Evening scenes

Song Cycle by Hugo Wolf (1860 - 1903)

Word count: 252
Original language: Abendbilder
1. Friedlicher Abend [sung text checked 1 time]
Friedlicher Abend senkt sich aufs Gefilde;
Sanft entschlummert Natur, um ihre Züge
Schwebt der Dämmerung zarte Verhüllung, und sie
  Lächelt die Holde;

Lächelt, ein schlummernd Kind in Vaters Armen,
Der voll Liebe zu ihr sich neigt, sein göttlich
Auge weilt auf ihr, und es weht sein Odem 
  Über ihr Antlitz.

Authorship

See other settings of this text.

Available translations, adaptations or excerpts, and transliterations (if applicable):

  • DUT Dutch (Nederlands) [singable] (Lau Kanen) , copyright © 2017, (re)printed on this website with kind permission
  • ENG English (Emily Ezust) , no title, copyright ©
  • FRE French (Français) (Pierre Mathé) , copyright © 2009, (re)printed on this website with kind permission
  • ITA Italian (Italiano) (Ferdinando Albeggiani) , copyright © 2009, (re)printed on this website with kind permission

Researcher for this text: Emily Ezust [Administrator]
by Nikolaus Lenau (1802 - 1850)
1. Peaceful evening
Peaceful evening sinks down upon the land;
Gently Nature begins to slumber.
Around her floats the tender cover of dusk,
And the lovely one smiles,

Smiles like a slumbering child in its father's arms,
As he, full of love, bends down to her.
His divine eyes linger upon her, and his breath wafts
Across her face.

Authorship

  • Translation from German (Deutsch) to English copyright © by Emily Ezust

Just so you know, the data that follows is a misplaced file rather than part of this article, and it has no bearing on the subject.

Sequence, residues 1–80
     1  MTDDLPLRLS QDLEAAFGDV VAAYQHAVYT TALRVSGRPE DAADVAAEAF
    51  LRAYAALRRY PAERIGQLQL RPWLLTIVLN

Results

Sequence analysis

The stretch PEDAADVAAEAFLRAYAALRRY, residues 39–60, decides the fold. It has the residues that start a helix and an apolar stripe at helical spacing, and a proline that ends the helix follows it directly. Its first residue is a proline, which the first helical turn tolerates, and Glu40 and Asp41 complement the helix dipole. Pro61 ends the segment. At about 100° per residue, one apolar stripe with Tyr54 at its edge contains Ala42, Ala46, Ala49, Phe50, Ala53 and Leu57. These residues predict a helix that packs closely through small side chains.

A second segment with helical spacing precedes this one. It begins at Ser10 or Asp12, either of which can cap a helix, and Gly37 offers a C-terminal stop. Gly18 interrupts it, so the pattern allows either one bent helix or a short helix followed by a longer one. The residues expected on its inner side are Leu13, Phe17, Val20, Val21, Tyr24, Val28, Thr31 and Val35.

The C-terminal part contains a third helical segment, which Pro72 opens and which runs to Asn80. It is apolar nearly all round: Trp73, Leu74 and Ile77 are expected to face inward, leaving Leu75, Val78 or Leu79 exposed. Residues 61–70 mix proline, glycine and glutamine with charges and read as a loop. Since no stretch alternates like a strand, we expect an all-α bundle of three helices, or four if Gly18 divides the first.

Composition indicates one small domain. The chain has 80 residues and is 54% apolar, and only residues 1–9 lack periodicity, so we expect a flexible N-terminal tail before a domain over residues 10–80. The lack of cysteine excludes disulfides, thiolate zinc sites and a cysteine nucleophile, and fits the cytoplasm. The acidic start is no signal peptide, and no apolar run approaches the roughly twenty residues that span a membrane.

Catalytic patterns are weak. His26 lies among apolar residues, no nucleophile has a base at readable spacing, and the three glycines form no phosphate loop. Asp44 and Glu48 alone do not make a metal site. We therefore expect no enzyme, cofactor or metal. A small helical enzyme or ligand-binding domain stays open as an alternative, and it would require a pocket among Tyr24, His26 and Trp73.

Emily Ezust permits her translations to be reproduced without prior permission for printed (not online) programs to free-admission concerts only, provided the following credit is given:

    Translation copyright © by Emily Ezust,
    from the LiederNet Archive -- https://www.lieder.net/

    For any other purpose, please write to the e-mail address below to request permission and discuss possible fees.


Based on

Go to the single-text view

Translation of title "Friedlicher Abend" = "Peaceful evening"


Text added to the website between May 1995 and September 2003.
Last modified: 2017-03-11 21:07:52
Line count: 8
Word count: 56

Translation © by Emily Ezust
2. Schon zerfließt das ferne Gebirg [sung text checked 1 time]
Schon zerfließt das ferne Gebirg mit Wolken
In ein Meer; den Wogen entsteigt der Mond, er
Grüßt die Flur, entgegen ihm grüßt das schönste
Lied Philomelens.

Aus dem Blütenstrauche, der um das Plätzchen
Zarter Liebe heimlichend sich verschlinget:
Mirzi horcht am Busen des Jünglings ihrem 
Zaubergeflöte.

Dort am Hügel weiden die Schafe beider 
Traulichen Gemenges in einer Herde,
Ihre Glöcklein stimmen so lieblich ein zu 
Frohen Akkorden.

Authorship

Available translations, adaptations or excerpts, and transliterations (if applicable):

  • ENG English (Emily Ezust) , "Already the distant mountains are dissolving", copyright ©
  • FRE French (Français) (Pierre Mathé) , "Image vespérale", copyright © 2009, (re)printed on this website with kind permission
  • ITA Italian (Italiano) (Ferdinando Albeggiani) , copyright © 2009, (re)printed on this website with kind permission

Researcher for this text: Emily Ezust [Administrator]
by Nikolaus Lenau (1802 - 1850)
2. Already the distant mountains are dissolving
Already the distant mountains are dissolving with the clouds
into a sea; out of the waves climbs the moon. She1
greets the meadow and on the other side, greets the most beautiful
song of Philomela2.

[It comes] from a bush whose blossoming branches wind round 
the secret spot of tender love.
Against the chest of the youth, Mirzi hearkens to their